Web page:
Counterparty default risk is one of the core components of the SCR. This module has undergone substantial change over the several quantitative impact studies, as the supervisors attempted to find an appropriate measure of the risk. In the QIS 5 final report, EIOPA noted that this module received the most criticism for the “overly complex approach” relative to the materiality of counterparty default risk within the overall risk-based capital requirement (1). We expect to see additional changes that will simplify the calculation of risk.
Assessing Counterparty Default Risk
For QIS 5, counterparty risk exposures were classified as one of two types: Type 1 exposures are based around risk-mitigating contracts with counterparties that are likely to have credit ratings, including reinsurers, banks, cedents and derivative and securitization counterparties; Type 2 exposures encompass all others, including intermediaries and policyholders. Type 1 exposures are assessed based on probability of default as determined by credit ratings (2).
Formulas for loss given default (LGD ) vary based on the type of risk-mitigating contract. For reinsurance and securitization, LGD is defined as 50 percent of the sum of the best estimate recoverables from the reinsurance contract (or special purpose vehicle (SPV) in the case of an ILS) and any other related recoverables, plus the risk mitigating effect on underwriting risk of the reinsurance in consideration, less the risk-adjusted value of any collateral in relation to the reinsurance (shown in the formula below). Calculating the risk mitigating effect on underwriting risk for every reinsurance contract and for every reinsurer can clearly be a daunting task for any insurer. Certain Type 1 exposures in which there are over 15 independent counterparties are also assessed at the simplified Type 2 level. Reinsurance assets will be recorded at fair value based on best estimate of recoverables.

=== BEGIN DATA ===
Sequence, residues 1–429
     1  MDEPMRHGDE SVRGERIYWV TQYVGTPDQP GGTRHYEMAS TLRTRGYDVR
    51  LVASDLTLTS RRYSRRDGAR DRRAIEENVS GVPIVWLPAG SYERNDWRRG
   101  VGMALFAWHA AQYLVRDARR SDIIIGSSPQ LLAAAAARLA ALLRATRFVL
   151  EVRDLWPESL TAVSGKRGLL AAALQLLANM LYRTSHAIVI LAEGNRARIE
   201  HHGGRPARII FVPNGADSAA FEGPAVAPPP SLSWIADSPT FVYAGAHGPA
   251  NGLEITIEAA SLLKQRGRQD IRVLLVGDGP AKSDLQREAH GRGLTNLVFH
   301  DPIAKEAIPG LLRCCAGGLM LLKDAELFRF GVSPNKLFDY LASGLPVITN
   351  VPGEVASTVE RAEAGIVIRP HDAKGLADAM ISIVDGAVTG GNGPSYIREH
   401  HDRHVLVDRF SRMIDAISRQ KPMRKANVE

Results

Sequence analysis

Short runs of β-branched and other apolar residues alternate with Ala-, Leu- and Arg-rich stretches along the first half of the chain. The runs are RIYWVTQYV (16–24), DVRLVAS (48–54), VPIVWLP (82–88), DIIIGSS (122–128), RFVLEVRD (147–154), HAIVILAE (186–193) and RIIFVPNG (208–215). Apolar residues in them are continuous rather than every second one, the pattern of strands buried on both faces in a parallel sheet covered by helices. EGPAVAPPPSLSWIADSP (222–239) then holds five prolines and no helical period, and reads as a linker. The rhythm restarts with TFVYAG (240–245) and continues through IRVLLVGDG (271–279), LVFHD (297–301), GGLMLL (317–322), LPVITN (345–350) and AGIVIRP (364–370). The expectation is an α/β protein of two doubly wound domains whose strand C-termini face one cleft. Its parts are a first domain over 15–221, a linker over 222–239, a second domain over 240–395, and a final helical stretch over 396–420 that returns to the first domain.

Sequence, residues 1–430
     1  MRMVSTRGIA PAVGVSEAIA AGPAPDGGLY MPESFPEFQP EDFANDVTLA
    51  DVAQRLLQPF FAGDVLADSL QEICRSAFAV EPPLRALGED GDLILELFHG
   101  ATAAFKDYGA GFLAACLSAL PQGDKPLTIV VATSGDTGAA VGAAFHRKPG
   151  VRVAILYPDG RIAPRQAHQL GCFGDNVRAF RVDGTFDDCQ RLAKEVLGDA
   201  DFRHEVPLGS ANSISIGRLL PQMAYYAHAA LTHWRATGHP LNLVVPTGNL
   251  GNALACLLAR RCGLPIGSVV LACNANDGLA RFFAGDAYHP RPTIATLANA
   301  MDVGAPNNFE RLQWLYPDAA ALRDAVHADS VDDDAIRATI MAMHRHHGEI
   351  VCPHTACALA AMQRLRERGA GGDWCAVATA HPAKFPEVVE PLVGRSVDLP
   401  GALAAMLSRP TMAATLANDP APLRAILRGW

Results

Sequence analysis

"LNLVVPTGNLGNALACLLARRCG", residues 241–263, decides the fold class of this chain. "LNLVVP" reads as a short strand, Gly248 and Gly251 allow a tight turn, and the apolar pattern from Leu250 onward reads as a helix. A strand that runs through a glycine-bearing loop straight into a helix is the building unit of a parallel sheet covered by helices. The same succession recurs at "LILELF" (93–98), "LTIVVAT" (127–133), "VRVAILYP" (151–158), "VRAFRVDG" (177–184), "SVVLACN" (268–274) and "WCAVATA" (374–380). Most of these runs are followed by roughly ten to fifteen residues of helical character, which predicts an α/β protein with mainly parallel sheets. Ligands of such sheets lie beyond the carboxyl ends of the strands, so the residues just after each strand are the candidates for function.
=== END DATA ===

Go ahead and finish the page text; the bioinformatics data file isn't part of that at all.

LGDi= (50% • (Recoverablesi + RMre,i - Collaterali),)
In addition to the complexity of the calculation, the assessment of default probability remains centered on ratings, and this is not expected to change before implementation. Solvency II thus takes the basis that insurers already use to assess financial strength (ratings) and complicates the approach. Indeed, this approach further institutionalizes the reliance on fundamentally flawed indicators. A more robust, though admittedly still complex, approach would take a page from the Basel III proposals and establish liquidity requirements based on market instruments, such as credit default swaps and bonds for reinsurers that have them (3).
Other problems with the Solvency II approach to counterparty risk identified by QIS 5 participants and other parties include difficulties in determining the risk-mitigating effects (and the counterparty risk) for reinsurance programs that include more than one counterparty; a three-month limit for past-due exposures; risk charges for cash deposited with a bank that can be higher than the charge for a bond issued by the same bank and no risk charges for investments in sovereign debt (despite the ongoing European sovereign debt crisis)(4). EIOPA and supervisors will consider a wide range of ways to simplify this module to address these issues prior to implementation.
1 EIOPA, Report on the Fifth Quantitative Impact Study (QIS 5) for Solvency II, March 14, 2011.
2 CEIOPS, QIS 5 Technical Specifications, July 5, 2010.
3 Bank for International Settlements, Basel III: A Global Regulatory Framework for More Resilient Banks and Banking Systems, December 2010.
4 EIOPA, Report on the Fifth Quantitative Impact Study (QIS 5) for Solvency II, March 14, 2011.